But the team says research should shift towards developing a new antiviral for the coronavirus that is used early on in infection and stops the virus from replicating,  , just as baloxavir does for the flu.

‘It may seem counterintuitive to focus on treatments, not for the critically ill patient in need of a life-saving intervention, but rather for the seemingly healthy patient shortly after a COVID-19 positive test,’ Krug said. 

‘Nonetheless, our analysis shows that the right early-stage antiviral treatment can block transmission to others and, in the long run, may well save more lives.’

In the US, there were more than 1.8 million confirmed cases of the virus and more than 105,000 deaths.

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We may be able to eliminate coronavirus, but we’ll probably never eradicate it. Here’s the difference

Compared to many other countries around the world, Australia and New Zealand have done an exceptional job controlling COVID-19.

As of May 7, there were 794 active cases of COVID-19 in Australia. Only 62 were in hospital.

The situation in New Zealand is similar, with 136 active cases, only two of whom are in hospital.

If we continue on this path, could we eliminate COVID-19 from Australia and New Zealand?

Control –> elimination –> eradication

In order to answer this question, we first to need to understand what elimination means in the context of disease, and how it differs from control and eradication.

Disease control is when we see a reduction in disease incidence and prevalence (new cases and current cases) as a result of public health measures. The reduction does not mean to zero cases, but rather to an acceptable level.

Unfortunately, there’s no consensus on what is acceptable. It can differ from disease to disease and from jurisdiction to jurisdiction.

As an example, there were only 81 cases of measles reported in Australia in 2017. Measles is considered under control in Australia.

Conversely, measles is not regarded as controlled in New Zealand, where there was an outbreak in 2019. From January 1, 2019, to February 21, 2020, New Zealand recorded 2,194 measles cases.

For disease elimination, there must be zero new cases of the disease in a defined geographic area. There is no defined time period this needs to be sustained for—it usually depends on the incubation period of the disease (the time between being exposed to the virus and the onset of symptoms).

For example, the South Australian government is looking for 28 days of no new coronavirus cases (twice the incubation period of COVID-19) before they will consider it eliminated.

Even when a disease has been eliminated, we continue intervention measures such as border controls and surveillance testing to ensure it doesn’t come back.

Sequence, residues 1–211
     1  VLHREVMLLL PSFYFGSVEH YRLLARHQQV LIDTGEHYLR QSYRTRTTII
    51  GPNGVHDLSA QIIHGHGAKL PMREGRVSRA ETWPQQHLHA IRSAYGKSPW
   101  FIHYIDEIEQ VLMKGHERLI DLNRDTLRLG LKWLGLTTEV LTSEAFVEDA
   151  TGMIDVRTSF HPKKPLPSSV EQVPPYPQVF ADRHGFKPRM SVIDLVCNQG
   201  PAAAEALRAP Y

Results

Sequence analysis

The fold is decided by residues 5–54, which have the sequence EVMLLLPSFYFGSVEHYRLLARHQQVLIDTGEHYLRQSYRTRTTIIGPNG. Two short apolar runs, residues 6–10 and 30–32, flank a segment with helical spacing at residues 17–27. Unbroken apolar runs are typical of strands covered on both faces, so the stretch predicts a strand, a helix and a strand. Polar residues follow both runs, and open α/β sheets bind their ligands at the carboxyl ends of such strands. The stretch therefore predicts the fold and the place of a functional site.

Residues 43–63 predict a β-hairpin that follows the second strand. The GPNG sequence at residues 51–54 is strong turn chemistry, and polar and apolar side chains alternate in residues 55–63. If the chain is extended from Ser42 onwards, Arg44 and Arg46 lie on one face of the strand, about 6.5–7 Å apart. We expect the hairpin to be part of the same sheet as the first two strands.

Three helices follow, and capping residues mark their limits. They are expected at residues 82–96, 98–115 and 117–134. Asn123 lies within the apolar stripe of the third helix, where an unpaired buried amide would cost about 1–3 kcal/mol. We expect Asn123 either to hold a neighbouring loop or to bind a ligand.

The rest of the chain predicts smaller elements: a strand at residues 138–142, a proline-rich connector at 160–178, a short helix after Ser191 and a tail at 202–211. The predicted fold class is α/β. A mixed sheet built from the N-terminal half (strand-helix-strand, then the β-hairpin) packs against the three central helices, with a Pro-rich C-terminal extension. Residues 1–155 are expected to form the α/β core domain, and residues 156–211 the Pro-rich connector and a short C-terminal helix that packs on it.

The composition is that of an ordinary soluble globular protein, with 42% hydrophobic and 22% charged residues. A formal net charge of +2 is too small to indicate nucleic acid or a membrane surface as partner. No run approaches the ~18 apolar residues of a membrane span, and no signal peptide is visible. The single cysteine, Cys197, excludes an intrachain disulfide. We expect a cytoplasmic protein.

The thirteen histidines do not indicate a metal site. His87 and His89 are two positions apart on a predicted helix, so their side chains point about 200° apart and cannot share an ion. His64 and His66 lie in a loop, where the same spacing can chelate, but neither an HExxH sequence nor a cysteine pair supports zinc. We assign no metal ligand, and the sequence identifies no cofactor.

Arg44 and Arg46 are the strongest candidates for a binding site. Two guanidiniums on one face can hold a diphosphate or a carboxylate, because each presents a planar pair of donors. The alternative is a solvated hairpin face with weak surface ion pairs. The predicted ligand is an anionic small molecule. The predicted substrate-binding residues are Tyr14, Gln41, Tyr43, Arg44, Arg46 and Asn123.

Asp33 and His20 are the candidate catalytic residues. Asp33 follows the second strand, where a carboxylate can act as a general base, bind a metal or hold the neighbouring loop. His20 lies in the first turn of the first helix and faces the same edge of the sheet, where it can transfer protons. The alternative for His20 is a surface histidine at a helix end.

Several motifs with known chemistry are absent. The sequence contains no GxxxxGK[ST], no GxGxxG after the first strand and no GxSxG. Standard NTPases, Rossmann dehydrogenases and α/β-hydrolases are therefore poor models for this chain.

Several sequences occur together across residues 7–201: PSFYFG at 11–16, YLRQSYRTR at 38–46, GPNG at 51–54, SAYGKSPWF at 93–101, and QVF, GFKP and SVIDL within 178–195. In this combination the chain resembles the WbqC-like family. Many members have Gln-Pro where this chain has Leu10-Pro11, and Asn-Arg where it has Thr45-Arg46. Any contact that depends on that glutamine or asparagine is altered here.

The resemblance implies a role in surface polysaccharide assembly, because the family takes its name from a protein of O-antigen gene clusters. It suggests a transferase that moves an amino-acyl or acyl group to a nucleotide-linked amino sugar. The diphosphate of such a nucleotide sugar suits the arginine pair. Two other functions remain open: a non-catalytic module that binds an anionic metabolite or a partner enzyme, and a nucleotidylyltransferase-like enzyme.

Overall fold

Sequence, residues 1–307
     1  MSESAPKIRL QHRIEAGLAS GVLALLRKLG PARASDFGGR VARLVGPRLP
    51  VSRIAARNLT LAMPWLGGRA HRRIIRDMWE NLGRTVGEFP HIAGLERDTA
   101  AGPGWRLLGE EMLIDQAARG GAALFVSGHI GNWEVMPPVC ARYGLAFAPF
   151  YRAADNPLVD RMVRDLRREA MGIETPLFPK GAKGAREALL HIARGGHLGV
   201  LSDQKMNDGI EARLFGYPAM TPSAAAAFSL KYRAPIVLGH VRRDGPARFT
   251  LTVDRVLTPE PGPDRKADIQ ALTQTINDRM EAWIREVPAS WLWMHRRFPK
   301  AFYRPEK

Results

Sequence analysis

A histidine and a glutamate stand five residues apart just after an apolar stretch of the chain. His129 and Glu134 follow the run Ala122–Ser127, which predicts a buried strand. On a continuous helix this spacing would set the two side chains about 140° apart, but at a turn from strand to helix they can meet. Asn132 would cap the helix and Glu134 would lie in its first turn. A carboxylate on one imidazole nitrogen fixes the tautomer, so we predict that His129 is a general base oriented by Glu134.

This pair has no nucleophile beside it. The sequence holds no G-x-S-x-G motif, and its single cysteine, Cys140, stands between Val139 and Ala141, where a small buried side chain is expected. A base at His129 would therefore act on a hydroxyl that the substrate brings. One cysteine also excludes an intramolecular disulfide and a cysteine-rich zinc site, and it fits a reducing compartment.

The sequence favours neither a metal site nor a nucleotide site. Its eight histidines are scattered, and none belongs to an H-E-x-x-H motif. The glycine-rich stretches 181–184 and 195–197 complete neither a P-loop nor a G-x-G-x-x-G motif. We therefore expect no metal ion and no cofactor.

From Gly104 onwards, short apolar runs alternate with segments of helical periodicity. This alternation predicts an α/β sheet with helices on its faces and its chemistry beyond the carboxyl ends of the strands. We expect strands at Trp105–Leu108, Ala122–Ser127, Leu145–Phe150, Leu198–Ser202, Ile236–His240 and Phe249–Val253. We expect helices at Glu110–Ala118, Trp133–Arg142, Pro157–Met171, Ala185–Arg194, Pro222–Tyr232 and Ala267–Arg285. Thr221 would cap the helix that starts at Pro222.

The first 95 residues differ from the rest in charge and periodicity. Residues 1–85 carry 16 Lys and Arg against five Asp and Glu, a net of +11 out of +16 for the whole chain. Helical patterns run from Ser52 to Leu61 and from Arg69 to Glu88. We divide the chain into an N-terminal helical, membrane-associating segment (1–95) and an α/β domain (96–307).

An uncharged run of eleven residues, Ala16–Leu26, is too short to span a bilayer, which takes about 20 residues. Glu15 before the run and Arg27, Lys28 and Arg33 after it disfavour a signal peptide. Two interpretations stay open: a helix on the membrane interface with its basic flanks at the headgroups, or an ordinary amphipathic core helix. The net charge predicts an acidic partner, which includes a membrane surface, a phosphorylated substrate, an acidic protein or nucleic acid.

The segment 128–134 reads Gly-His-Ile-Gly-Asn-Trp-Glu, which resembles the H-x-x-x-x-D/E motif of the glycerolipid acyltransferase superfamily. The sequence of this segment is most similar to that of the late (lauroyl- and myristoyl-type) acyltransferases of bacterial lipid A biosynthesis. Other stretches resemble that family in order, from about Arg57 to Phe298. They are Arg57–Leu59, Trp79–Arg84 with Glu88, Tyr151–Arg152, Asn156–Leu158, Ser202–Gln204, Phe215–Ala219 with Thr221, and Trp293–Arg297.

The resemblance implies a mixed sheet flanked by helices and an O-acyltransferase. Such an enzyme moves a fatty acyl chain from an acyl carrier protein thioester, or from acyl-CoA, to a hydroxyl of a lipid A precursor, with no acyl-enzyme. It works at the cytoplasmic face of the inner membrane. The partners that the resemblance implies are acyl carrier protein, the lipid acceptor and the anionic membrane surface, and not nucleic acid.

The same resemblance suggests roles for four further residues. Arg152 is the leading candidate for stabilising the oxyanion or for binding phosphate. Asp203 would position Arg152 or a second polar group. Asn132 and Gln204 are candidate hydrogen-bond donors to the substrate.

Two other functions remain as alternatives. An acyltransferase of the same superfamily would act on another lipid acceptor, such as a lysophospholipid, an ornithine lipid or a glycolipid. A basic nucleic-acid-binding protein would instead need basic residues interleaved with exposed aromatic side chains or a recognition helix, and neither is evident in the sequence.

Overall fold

For example, in Australia, we have successfully eliminated rubella (German measles). But we maintain an immunization schedule and disease surveillance program.

Finally, disease eradication is when there is zero incidence worldwide of a disease following deliberate efforts to get rid of it. In this scenario, we no longer need intervention measures.

Only two infectious diseases have been declared eradicated by the World Health Organisation – smallpox in 1980 and rinderpest (a disease in cattle caused by the paramyxovirus) in 2011.

Polio is close to eradication with only 539 cases reported worldwide in 2019.

Guinea worm disease is also close with a total of just 19 human cases from January to June 2019 across two African countries.

What stage are we at with COVID-19?

In Australia and New Zealand we currently have COVID-19 under control.

Importantly, in Australia, the effective reproduction number (Reff) is close to zero. Estimates of Reff come from mathematical modelling, which has not been published for New Zealand, but the Reff is likely to be close to zero in New Zealand too.

The Reff is the average number of people each infected person infects. So a Reff of 2 means on average, each person with COVID-19 infects two others.

If the Reff is greater than 1 the epidemic continues; if the Reff is equal to 1 it becomes endemic (that is, it grumbles along on a permanent basis); and if the Reff is lower than 1, the epidemic dies out.

So we could be on the way to elimination.

In both Australia and New Zealand we have found almost all of the imported cases, quarantined them, and undertaken contact tracing. Based on extensive community testing, there also appear to be very few community-acquired cases.

The next step in both countries will be sentinel surveillance, where random testing is carried out in selected groups. Hopefully in time these results will be able to show us COVID-19 has been eliminated.

It’s unlikely COVID-19 will ever be eradicated

To be eradicated, a disease needs to be both preventable and treatable. At the moment, we neither have anything to prevent COVID-19 (such as a vaccine) nor any proven treatments (such as antivirals).

Even if a vaccine does become available, SARS-CoV-2 (the virus that causes COVID-19) easily mutates. So we would be in a situation like we are with influenza, where we need annual vaccinations targeting the circulating strains.

The other factor making COVID-19 very difficult if not impossible to eradicate is the fact many infected people have few or no symptoms, and people could still be infectious even with no symptoms. This makes case detection very difficult.

At least with smallpox, it was easy to see whether someone was infected, as their body was covered in pustules (fluid-containing swellings).